Harry Manx Live at the Glenn Gould Studio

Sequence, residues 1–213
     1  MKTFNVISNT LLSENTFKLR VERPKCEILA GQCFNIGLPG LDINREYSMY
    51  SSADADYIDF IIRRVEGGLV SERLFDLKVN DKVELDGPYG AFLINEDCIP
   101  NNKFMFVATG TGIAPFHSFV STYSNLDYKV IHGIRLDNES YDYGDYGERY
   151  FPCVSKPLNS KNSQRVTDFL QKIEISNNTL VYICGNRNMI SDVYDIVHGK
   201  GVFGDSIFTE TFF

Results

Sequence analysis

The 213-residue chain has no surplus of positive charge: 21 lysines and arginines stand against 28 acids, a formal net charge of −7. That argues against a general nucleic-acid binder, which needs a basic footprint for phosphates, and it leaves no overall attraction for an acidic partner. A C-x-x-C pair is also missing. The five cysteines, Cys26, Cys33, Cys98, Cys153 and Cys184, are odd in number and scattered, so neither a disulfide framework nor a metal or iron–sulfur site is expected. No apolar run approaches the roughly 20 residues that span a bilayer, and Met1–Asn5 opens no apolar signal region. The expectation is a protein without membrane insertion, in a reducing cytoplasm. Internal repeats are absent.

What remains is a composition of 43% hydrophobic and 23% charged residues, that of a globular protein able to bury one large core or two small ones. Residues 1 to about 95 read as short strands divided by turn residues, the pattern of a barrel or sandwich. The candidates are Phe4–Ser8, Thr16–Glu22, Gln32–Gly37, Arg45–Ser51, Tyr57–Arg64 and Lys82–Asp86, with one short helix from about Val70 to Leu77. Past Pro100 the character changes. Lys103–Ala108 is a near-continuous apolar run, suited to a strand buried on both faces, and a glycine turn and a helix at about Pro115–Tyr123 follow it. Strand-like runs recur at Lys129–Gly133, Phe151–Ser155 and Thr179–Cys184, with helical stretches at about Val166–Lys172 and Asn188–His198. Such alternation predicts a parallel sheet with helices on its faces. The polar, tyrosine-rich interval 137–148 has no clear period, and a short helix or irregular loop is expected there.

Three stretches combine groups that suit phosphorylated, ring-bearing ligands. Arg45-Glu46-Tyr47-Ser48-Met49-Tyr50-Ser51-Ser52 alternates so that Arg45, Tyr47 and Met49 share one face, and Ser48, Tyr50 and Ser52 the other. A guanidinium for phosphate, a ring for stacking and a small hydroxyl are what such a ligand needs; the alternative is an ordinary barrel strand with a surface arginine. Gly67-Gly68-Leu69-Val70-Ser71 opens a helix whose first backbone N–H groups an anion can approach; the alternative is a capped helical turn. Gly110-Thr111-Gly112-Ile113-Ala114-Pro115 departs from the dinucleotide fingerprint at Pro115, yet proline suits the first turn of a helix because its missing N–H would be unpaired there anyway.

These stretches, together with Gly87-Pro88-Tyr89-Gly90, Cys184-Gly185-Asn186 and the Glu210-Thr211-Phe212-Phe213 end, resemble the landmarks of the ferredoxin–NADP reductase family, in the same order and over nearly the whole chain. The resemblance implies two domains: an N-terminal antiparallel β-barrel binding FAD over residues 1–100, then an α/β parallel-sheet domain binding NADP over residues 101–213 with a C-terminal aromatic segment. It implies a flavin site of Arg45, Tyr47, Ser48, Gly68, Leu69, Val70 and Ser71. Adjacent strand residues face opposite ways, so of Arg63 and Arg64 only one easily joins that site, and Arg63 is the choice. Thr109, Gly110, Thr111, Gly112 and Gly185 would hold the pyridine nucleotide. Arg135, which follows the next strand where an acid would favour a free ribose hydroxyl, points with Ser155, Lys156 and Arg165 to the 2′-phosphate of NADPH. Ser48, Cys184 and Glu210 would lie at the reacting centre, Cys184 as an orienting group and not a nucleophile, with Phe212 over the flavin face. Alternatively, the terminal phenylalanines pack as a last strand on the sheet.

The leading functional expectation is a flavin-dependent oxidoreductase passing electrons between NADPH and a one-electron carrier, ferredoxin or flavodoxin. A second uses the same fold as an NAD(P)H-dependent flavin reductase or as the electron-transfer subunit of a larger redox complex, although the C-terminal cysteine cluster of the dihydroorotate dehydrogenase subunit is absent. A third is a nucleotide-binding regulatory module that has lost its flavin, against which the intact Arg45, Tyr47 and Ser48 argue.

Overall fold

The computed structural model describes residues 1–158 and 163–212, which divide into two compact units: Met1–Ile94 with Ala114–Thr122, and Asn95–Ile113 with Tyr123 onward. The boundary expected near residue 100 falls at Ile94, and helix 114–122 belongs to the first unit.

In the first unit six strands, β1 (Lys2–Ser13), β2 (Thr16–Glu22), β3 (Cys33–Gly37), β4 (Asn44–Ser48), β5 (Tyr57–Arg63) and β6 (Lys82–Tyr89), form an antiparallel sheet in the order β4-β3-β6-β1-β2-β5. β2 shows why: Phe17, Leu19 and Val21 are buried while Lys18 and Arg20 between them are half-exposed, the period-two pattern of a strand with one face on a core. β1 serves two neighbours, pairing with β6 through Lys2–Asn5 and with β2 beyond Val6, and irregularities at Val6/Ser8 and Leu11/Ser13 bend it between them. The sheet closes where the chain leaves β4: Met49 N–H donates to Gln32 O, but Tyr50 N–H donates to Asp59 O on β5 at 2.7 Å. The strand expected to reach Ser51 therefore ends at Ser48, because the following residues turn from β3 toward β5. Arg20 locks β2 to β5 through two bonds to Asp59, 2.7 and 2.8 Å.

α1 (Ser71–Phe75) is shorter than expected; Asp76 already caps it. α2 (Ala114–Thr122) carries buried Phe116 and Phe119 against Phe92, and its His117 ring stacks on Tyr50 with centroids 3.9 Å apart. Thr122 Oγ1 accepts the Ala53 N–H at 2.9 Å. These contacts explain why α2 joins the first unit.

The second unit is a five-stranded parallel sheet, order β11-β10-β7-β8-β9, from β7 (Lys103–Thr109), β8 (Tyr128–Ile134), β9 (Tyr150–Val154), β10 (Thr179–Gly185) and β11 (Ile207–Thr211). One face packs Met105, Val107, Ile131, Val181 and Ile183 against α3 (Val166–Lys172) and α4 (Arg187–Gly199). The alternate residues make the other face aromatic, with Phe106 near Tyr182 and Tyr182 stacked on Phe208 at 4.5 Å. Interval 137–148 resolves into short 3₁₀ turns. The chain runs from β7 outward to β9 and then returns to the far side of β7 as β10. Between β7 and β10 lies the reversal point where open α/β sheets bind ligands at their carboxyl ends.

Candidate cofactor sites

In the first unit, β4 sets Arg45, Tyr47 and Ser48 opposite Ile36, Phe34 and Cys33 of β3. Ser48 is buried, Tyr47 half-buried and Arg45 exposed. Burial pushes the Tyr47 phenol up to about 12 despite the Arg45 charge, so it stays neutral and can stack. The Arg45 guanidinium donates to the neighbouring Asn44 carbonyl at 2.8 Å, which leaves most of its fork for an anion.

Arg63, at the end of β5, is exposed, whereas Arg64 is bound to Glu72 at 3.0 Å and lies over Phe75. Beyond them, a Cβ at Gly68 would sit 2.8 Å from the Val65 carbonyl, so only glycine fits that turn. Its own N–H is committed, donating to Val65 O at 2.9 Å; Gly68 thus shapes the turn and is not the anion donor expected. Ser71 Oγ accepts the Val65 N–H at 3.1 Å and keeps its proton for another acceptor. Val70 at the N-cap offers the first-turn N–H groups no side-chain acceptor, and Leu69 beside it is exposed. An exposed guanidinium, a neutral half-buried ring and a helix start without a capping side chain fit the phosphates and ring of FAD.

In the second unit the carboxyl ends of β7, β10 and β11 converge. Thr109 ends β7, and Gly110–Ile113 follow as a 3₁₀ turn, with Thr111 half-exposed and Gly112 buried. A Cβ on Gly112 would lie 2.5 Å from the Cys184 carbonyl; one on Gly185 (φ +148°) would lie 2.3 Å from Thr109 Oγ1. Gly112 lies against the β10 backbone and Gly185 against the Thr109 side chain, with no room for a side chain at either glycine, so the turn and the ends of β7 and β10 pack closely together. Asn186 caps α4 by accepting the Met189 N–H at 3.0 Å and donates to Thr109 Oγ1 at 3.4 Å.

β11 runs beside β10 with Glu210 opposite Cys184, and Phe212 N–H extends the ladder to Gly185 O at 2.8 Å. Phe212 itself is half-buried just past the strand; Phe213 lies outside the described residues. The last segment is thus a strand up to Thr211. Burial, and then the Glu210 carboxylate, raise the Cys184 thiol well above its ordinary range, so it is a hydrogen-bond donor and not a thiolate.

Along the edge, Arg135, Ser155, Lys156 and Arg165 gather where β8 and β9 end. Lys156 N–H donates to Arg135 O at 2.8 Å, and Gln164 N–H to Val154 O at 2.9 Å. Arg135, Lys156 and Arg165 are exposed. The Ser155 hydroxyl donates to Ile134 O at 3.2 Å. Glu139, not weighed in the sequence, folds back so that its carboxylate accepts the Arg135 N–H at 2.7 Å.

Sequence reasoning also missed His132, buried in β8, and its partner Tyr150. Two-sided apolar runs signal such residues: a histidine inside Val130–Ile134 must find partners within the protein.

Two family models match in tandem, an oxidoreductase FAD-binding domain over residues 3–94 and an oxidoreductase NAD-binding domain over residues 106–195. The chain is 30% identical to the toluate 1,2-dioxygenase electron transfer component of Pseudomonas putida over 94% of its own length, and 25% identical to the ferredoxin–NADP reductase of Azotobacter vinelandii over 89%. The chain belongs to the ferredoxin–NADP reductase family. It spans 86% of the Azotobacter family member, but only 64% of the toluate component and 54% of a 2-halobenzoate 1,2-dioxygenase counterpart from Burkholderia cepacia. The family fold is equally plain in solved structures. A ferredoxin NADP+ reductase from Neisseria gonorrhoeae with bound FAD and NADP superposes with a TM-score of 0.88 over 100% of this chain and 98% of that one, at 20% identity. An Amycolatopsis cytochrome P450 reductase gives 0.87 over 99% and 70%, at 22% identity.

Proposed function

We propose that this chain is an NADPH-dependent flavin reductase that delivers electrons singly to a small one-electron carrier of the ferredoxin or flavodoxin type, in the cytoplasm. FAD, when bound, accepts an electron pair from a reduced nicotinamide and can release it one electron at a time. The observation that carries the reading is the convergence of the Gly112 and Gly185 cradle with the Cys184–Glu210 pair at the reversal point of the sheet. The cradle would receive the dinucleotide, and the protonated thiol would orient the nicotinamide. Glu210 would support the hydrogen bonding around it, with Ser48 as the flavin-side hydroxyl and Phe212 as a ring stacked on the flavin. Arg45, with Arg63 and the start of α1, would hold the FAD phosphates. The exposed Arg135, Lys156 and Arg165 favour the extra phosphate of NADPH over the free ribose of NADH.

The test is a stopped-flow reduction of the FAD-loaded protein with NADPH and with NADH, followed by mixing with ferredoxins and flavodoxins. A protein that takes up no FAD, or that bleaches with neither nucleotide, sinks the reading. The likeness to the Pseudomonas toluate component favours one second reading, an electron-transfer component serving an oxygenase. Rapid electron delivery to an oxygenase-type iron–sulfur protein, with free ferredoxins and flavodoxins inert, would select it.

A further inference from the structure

Harry Manx has been gently courting his audience with his Indian-inspired take on the blues, a marriage of Eastern music to Western, creating a niche that has more to do with world music than anything else more limiting. His success has been built on the back of his instrumental prowess on his weapon of choice: the 20-string mohan veena, which subtly blends Eastern sounds to blues-friendly turf. On his eighth release, Harry ups the ante with the addition of two members of Toronto-based world music ensemble Tasa. You can almost hear the audience buying some time, clapping politely between songs as they acclimatise themselves to this new balance. It doesn’t take long to win them over, as the hyper-simpatico league of support players (notably guitarist Kevin Breit and harmonica-player Steve Mariner) weave in and around Harry’s leads with deft skill. If Samidha Joglekar’s vocals contrast too starkly with Harry’s croon on "Point of Purchase,” all is forgiven by "Single Spark,” and Joglekar’s contribution at the tail end of the jam-friendly "Voodoo Chile” earns its just rewards. Of special note is Mariner’s wailing harp solo on the ten-minute jam that was Muddy Waters’ "Can’t Be Satisfied,” which will more than satisfy. Live pays significant dividends across its 60-minute length. The faithful are well served while the casual Manx fan will benefit from a closer look into the very core of Harry’s muse. (Dog My Cat)